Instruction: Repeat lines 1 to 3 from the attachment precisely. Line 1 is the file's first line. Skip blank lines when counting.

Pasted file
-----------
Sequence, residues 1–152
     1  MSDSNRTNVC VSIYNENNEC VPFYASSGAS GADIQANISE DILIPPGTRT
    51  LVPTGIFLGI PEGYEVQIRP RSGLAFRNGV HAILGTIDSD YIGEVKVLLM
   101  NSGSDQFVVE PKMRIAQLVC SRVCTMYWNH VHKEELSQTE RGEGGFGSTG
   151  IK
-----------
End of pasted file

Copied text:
Sequence, residues 1–152
     1  MSDSNRTNVC VSIYNENNEC VPFYASSGAS GADIQANISE DILIPPGTRT
    51  LVPTGIFLGI PEGYEVQIRP RSGLAFRNGV HAILGTIDSD YIGEVKVLLM